Mo. jail to begin postcard-only policy for incoming mail
Many county jails in the region have already switched to this policy to cut down on the time staff spend checking for contraband
By Rayna Karst
The Joplin Globe, Mo.
NEOSHO, Mo. — The Newton County Sheriff’s Office is joining counties across the state in limiting incoming mail for inmates to postcards, effective Oct. 1.
The county jail will update its mail policy to cut down on the time that corrections officers spend opening and checking envelopes for contraband as well as to increase both prisoner and officer safety, Sheriff Chris Jennings said.
“We have to remove anything with glue, like the stamps, because they will try to bring drugs in behind the stamps or stuck to the glue,” he said. “With the postcards, that’s not an issue. We don’t have to search for other contraband and make sure there’s nothing else in there.”
Jennings said the jail has around 100 prisoners every day, which can lead to hundreds of envelopes in a week that the officers MUST search.
“That ends up being quite a bit of mail that we have to spend time with people searching through and removing items,” he said. “It’s time plus officer safety.”
Legal challenges elsewhere
Newton County had been considering updating its mail policy for some time, but officials initially decided to wait until lawsuits on the issue elsewhere in Missouri were resolved, Jennings said.
One such lawsuit was filed against Cape Girardeau County by Cheryl Simpson, who alleged that the county jail’s postcard-only mail policy violated her First and 14th amendment rights by restricting her ability to communicate with her son, who was an inmate there at the time.
Prior to the postcard-only policy, Simpson would regularly send her son two- and three-page double-sided letters that could be contained in one envelope with a single stamp, according to the American Civil Liberties Union of Missouri, which represented the plaintiff in court. Under the new policy, she would have to send 40 postcards with $15 in postage to communicate the same information, the ACLU argued.
“The content of Ms. Simpson’s written correspondence is quantitatively less and substantively different than it would be had the policy not changed, which is a real infringement of her constitutionally protected right to communicate with her son,” said Tony Rothert, legal director of the ACLU of Missouri, in February 2014.
But the district court sided with the county, ruling that the postcard policy did not violate Simpson’s constitutional rights. The Court of Appeals for the Eighth Circuit upheld the ruling, affirming the postcard-only mail policy as constitutional.
The Prison Policy Initiative, a Massachusetts-based nonprofit, also has advocated for the right to send letters to and from jail inmates, alleging that a postcard-only policy places a “significant burden” on black and low-income inmates and their families.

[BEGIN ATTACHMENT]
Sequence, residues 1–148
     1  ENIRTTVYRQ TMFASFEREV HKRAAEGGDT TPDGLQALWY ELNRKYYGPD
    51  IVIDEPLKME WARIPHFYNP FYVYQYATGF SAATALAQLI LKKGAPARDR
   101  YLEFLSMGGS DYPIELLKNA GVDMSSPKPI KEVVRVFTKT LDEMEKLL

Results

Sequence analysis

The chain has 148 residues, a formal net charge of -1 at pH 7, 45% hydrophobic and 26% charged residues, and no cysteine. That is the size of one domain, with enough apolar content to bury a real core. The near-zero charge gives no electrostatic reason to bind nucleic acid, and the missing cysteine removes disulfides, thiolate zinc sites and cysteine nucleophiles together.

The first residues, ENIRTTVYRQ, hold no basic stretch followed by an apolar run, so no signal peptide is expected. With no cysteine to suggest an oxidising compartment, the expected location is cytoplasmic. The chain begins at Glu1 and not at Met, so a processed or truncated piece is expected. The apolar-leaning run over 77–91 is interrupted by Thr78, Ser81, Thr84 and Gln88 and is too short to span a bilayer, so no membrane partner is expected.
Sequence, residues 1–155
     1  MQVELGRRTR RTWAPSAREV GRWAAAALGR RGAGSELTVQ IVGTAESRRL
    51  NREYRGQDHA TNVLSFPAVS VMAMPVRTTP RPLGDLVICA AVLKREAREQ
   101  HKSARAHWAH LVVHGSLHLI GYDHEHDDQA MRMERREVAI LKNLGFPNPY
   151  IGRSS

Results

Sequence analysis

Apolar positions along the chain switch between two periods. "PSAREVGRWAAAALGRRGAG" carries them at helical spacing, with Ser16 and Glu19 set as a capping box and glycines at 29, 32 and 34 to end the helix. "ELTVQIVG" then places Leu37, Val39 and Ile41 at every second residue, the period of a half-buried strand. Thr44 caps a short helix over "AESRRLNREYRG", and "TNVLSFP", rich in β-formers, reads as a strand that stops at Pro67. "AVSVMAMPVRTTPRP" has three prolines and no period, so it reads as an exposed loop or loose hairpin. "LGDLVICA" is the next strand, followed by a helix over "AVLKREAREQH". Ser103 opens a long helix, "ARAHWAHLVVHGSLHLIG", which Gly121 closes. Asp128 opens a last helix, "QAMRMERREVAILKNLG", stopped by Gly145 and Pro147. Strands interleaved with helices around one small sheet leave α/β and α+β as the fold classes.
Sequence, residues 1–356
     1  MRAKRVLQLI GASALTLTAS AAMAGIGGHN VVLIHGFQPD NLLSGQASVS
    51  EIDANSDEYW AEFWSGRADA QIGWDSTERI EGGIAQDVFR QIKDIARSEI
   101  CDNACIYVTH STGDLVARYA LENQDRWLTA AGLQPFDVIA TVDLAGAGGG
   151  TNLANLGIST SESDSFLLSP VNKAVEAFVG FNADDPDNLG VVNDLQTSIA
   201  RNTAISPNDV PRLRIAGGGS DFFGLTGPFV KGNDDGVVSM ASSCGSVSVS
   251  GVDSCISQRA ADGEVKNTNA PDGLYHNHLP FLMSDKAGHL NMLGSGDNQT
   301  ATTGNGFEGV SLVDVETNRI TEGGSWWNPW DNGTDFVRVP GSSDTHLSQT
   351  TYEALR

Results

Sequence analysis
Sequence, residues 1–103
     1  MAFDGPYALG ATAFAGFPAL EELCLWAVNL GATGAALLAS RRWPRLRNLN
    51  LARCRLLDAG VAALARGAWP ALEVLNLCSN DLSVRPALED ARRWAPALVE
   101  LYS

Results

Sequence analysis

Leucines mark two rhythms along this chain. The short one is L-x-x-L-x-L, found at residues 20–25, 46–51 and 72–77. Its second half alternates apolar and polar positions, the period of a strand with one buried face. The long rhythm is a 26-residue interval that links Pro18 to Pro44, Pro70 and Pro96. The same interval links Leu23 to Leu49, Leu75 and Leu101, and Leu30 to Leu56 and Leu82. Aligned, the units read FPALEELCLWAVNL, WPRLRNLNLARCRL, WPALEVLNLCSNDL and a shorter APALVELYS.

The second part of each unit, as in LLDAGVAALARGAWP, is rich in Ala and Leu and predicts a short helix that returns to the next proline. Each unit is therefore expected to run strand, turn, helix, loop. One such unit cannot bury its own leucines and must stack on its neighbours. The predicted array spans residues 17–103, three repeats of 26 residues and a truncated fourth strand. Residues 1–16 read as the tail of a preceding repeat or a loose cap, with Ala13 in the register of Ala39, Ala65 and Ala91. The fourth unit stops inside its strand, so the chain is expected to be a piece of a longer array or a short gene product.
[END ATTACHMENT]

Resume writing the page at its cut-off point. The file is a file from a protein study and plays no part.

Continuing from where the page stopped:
“In practice, (postcard-only policies) have the perverse effect of deterring written communication between incarcerated people and their communities, straining connections that are essential for both successful reintegration and for preventing reoffending,” the initiative’s Leah Sakala said in February 2013.
A regional shift
In Newton County, Jennings acknowledged that the postcard-only policy might be an “inconvenience,” but he noted that many county jails in the region have already switched to this policy.
“We’re just going to do the same thing that everybody else is doing,” he said.
The Jasper County Jail implemented a postcard-only policy in 2010, and Sheriff Randee Kaiser said it has helped increase productivity and safety.
Brad DeLay, sheriff of Lawrence County, said his office has had the policy in place for eight to 10 years.
“It’s just worked out wonders,” DeLay said. “The contraband has dropped significantly — obviously you can’t hide anything in a postcard — and it saves jailers a lot of time having to dig through a lot of mail making sure that there’s not any contraband. It’s been a huge benefit for us.”
DeLay said jail inmates and their families were upset about the new policy for the first year or so, but there have been no other issues since.
And the Greene County Jail announced in January that incoming and outgoing letters, greeting cards and other forms of mail would be restricted to postcards beginning in February, with an exemption for privileged mail. James Craigmyle, a spokesman for the Greene County Sheriff’s Office, told the Springfield News-Leader at the time that the policy change was “due to safety and efficiency concerns.”
“Our mail room staff can no longer safely and efficiently keep up with the amount of incoming and outgoing mail volume, and this increases the risk that contraband could make it into the jail through the mail,” he said.
Other policy notes
Under the new Newton County policy, postcards can be no larger than 5 inches by 7 inches, a standard size. If inmates receive envelopes after the policy goes into effect, that mail will be returned to the sender with an attached card that explains the policy, Jennings said.
“The prisoners are also notified the minute they come into our jail of our policies,” he said. “They can tell their family or friends.”
All legal correspondence sent to inmates in an envelope will continue to be accepted, and inmates can still send outgoing mail in envelopes, Jennings said.
Inmates also will no longer be able to receive checks or money orders in envelopes, Jennings said. Instead, the jail has implemented an online system for adding money into an inmate’s account, which can be accessed at accesscorrections.com. Money can also be brought to the jail’s lobby and added to an account using a new kiosk that takes both cash and credit cards.
Anyone with questions regarding the new postcard policy can contact Lt. Mike Barnett with the Newton County Sheriff’s Office at 417-451-8311.
©2018 The Joplin Globe (Joplin, Mo.)